JP

 

Link to comment
Share on other sites

4 hours ago, Captain Pegg said:

Prejudice, protection of interests and reputation from a bygone era I suspect. There was a time when you wouldn’t have wanted Chinese steel but today their steel plants are far more modern than ours and are run on very tight quality assurance lines.

 

I raised my eyebrows at the comments about ‘decoiled steel’ in that video too. I don’t know for sure but I doubt boat fabricators buy steel in coils as that’s generally thin gauge material for further processing. I’ve always assumed they buy plate and bar from a stockholder (I know the steel for my boat was bought in that way) and that most probably have little idea of the exact provenance of the plate beyond the details on the certificate of conformance. The last serious shaping action a steel plate of the thicknesses used for boat building will have seen would have been going through the roller at something approaching 2000 degrees.


JP

 

The documentation with my (3rd hand) boat includes the original steel order from the stockholder and more information than most people, including myself, would ever find useful about how it was cut and used in the build.

 

This may be another Orion peculiarity, I'm not sure.

Link to comment
Share on other sites

2 hours ago, frahkn said:

The documentation with my (3rd hand) boat includes the original steel order from the stockholder and more information than most people, including myself, would ever find useful about how it was cut and used in the build.

 

This may be another Orion peculiarity, I'm not sure.

That’s interesting to know and that’s from one of the builders with a higher reputation. No mention of coil I’ll wager?

Link to comment
Share on other sites

3 hours ago, frahkn said:

The documentation with my (3rd hand) boat includes the original steel order from the stockholder and more information than most people, including myself, would ever find useful about how it was cut and used in the build.

 

This may be another Orion peculiarity, I'm not sure.

I've seen this paperwork with several Orions...improbably the most comprehensive build paperwork file I have ever seen from any manufacturer.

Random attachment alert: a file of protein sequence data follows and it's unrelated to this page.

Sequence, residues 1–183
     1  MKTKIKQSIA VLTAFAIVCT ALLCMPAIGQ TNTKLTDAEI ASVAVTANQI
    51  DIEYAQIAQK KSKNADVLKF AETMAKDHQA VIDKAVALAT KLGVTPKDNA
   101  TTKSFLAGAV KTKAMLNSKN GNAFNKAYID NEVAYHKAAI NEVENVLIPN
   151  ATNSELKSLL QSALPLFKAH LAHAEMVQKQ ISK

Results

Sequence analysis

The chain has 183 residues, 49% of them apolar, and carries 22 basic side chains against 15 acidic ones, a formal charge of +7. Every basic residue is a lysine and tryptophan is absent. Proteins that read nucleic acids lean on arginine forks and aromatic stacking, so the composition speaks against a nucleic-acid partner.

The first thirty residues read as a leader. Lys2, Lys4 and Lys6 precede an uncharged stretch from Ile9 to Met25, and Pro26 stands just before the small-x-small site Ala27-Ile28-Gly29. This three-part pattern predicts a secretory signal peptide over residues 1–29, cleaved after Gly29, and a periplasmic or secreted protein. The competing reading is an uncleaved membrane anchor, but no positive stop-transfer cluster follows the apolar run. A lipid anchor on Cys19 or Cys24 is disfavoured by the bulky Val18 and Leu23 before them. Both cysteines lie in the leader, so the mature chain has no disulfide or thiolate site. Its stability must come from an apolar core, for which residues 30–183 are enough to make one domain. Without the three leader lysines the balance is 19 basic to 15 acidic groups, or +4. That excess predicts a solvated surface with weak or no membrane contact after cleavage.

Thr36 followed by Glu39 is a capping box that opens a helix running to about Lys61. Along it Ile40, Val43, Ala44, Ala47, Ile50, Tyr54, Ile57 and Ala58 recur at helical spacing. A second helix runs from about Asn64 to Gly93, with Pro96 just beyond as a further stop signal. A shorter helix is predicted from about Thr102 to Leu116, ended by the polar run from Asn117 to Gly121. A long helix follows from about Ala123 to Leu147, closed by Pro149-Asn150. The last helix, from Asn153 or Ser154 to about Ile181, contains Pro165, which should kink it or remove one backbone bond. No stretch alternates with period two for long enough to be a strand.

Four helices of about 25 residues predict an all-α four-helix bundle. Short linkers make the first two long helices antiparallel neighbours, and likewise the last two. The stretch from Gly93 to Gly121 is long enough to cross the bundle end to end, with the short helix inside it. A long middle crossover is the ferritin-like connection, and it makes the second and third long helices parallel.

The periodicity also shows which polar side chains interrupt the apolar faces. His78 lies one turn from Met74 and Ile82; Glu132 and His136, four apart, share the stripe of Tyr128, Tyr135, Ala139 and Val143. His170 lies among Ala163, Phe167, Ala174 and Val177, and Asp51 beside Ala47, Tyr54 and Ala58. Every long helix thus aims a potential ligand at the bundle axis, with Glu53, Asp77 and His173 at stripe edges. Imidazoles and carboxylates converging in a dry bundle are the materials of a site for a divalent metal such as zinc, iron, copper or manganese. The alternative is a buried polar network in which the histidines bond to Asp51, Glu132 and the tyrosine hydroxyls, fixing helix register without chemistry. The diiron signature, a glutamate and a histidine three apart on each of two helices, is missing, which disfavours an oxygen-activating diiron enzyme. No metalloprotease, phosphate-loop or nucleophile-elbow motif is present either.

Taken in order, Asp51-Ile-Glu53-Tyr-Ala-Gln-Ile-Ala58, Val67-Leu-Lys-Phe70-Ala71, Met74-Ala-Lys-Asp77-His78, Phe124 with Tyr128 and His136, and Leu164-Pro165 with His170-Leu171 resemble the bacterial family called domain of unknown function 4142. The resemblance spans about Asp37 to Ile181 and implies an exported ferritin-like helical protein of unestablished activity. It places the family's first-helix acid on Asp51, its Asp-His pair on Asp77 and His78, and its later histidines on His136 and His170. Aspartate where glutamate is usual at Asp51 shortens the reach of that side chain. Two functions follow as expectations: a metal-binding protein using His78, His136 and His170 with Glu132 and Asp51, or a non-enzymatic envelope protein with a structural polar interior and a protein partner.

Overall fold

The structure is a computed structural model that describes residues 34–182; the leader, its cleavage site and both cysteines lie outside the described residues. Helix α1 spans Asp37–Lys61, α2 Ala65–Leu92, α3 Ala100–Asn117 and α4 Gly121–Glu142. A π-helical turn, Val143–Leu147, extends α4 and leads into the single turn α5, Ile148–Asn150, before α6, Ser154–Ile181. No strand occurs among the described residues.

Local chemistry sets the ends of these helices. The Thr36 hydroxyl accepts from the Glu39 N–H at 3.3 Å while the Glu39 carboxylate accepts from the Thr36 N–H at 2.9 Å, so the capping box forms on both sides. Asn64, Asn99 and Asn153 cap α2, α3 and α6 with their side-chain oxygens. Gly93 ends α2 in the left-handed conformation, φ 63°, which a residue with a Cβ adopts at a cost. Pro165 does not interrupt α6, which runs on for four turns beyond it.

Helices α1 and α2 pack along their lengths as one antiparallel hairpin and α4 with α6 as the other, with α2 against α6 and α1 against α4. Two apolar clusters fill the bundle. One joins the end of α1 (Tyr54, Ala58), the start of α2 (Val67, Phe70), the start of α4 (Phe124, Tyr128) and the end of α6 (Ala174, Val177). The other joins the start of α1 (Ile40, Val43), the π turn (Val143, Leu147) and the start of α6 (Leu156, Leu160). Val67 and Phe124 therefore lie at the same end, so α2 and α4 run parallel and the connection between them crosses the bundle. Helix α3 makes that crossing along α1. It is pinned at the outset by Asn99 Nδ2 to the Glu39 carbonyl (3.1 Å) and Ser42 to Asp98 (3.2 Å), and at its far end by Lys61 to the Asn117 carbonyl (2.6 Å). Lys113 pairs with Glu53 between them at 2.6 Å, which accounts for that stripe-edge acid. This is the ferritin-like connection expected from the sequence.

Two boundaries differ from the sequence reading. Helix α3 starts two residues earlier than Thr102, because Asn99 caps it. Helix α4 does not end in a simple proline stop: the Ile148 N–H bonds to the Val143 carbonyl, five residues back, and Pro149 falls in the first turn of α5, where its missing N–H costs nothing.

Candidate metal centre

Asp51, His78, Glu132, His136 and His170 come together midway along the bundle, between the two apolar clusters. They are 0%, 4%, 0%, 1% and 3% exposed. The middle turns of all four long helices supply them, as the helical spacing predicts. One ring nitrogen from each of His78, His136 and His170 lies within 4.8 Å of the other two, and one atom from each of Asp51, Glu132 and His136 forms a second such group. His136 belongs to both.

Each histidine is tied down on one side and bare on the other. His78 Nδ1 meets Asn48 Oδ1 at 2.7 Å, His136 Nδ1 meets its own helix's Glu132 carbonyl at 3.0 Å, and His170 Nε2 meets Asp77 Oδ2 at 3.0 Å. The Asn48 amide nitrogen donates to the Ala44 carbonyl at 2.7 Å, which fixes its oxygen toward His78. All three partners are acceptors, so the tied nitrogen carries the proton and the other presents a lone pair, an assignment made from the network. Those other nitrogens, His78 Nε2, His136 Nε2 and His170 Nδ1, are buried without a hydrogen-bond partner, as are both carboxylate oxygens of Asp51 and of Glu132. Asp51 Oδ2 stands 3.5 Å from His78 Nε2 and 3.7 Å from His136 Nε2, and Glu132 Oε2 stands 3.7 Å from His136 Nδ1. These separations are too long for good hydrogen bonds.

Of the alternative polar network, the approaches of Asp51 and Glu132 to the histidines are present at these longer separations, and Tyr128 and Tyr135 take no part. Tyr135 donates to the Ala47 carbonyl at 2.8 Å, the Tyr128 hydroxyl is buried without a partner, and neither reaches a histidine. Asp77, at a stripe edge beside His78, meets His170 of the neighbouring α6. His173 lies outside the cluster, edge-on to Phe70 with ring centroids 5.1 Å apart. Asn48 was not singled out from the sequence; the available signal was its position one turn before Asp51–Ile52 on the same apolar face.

Link to comment
Share on other sites

3 hours ago, matty40s said:

I've seen this paperwork with several Orions...improbably the most comprehensive build paperwork file I have ever seen from any manufacturer.

Almost any Orion owner will know exactly what you mean by "improbably".

Link to comment
Share on other sites

18 months after launch, not a jot of the 2 original coats of Comastic was left on our Colecraft hull below the water line.  A well respected marine surveyor reported that it was caused by mill scale.  He recommended shot blasting and 2-pack.  We went for the additional "Zinga" treatment with 2 coats of 2 pack. At over £5k back in 2004, it paid for itself in spades as no docking  needed for blacking for 7 years; the hull was still in good condition when we did.

 

I would recommend shot blasting without doubt

Link to comment
Share on other sites

1 hour ago, rustynewbery said:

18 months after launch, not a jot of the 2 original coats of Comastic was left on our Colecraft hull below the water line.  A well respected marine surveyor reported that it was caused by mill scale.  He recommended shot blasting and 2-pack.  We went for the additional "Zinga" treatment with 2 coats of 2 pack. At over £5k back in 2004, it paid for itself in spades as no docking  needed for blacking for 7 years; the hull was still in good condition when we did.

 

I would recommend shot blasting without doubt

In their defence it is probable they have chosen a system for which they can at least meet the minimum surface preparation requirements of the coating manufacturer. That’s important because no one should be using the quality of a coating as a selling point if they can’t prepare the surface correctly for that product.

 

Otherwise I agree with your sentiments. Blasting will always be preferable as will the application of a high quality system over the entire hull. It’s not imperative though, there’s plenty of poorly maintained hulls around of c50 years vintage.
 

JP

Link to comment
Share on other sites

5 hours ago, rustynewbery said: